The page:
Having a soundboard that wasn't subject to humidity and temperature changes would be a huge relief. Additionally the environmental cost of saving all those beautiful Sitka Spruce trees. [/b]
I have a guitar with a laminated soundboard. It's a layer of Nomex in between two cedar veneers. It's made by John Dick of West Branch, Iowa. John was one of the pioneers in bringing this technology to America. He learned the technique from Gernot Wagner in Germany.

Anyway, the soundboard is about a third lighter than a traditional soundboard and just as strong. The volume is amazing for a guitar. Here's some info on what guitarists call doubleetops, or sandwich tops.

http://www.classicalguitars.ca/

on edit: Bleh I see this thread is about 8 months old.
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#1125997 - 02/11/05 04:31 PM Re: Carbon Fiber Piano
Entheo Offline
1000 Post Club Member

Registered: 01/12/04
Posts: 1111
Loc: chicago, il
i know absolutely nothing about what the sound potential of carbon fiber is, but as a cycling geek i can tell you that carbon fiber has made enormous technical strides & market penetration wrt bike frames and components. many of the top end frames marry carbon fiber with titanium or aluminum to produce greater strength, and many of these frames are way under the UCI weight limit. the techniques of weaving & layering the carbon fiber must be quite advanced now as well, because component manufacturers are even making cranks out of the stuff, and a tremendous amount of stress (and potential fatigue) is exerted on those parts.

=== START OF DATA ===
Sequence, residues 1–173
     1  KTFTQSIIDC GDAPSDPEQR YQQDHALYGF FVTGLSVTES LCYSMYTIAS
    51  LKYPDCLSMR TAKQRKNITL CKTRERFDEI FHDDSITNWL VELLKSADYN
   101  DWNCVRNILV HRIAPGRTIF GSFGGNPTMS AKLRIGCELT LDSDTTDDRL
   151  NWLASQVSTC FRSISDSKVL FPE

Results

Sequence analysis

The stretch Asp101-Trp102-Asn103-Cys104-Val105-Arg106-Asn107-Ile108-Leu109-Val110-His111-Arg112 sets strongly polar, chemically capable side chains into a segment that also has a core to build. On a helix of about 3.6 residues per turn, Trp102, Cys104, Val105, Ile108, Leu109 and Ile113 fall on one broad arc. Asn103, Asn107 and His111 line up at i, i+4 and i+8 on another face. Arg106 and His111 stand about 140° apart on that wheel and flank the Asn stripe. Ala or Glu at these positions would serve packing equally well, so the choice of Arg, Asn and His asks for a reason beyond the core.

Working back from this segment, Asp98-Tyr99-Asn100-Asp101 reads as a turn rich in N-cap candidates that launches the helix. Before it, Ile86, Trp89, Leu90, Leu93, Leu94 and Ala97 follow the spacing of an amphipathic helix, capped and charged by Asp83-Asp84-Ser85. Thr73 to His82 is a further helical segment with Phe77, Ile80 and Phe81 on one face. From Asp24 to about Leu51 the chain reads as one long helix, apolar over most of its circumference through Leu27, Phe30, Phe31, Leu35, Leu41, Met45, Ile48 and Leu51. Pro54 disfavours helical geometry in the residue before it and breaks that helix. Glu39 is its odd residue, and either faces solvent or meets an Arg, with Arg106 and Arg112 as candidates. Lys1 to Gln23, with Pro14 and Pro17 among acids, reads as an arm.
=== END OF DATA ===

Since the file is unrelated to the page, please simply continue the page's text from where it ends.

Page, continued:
i believe the competitive nature of world class pro cycling, as well as the multitude of other uses for carbon fiber, has evolved it to a point where it can be applied to musical instruments (the sound from the cello video is quite amazing). it will be interesting to see what piano mfgr takes a shot at it, where they chose to implement carbon fiber and how they blend it with other materials to produce sound quality, strength & durability. perhaps one of the bigger questions will be -- will it be cost effective in the production of a piano?
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#1125998 - 05/24/05 07:15 AM Re: Carbon Fiber Piano
Roy123 Offline
1000 Post Club Member

Registered: 09/20/04
Posts: 1707
Loc: Massachusetts
While we're replacing the wooden sound board, why not dump the cast iron frame and replace it with steel? Then, how about replacing the heavy wooden beams and other structural parts with more fabricated steel parts? With calculations and verification from finite element analysis, I bet even the wooden rim could be replaced, and become part of the steel structure. I don't know if any of this is economically feasible, but with the right materials and processing, imagine how stable and reproducible such a piano would be. It might be a challenge to keep the weight down, but hollow-section parts would be a big help.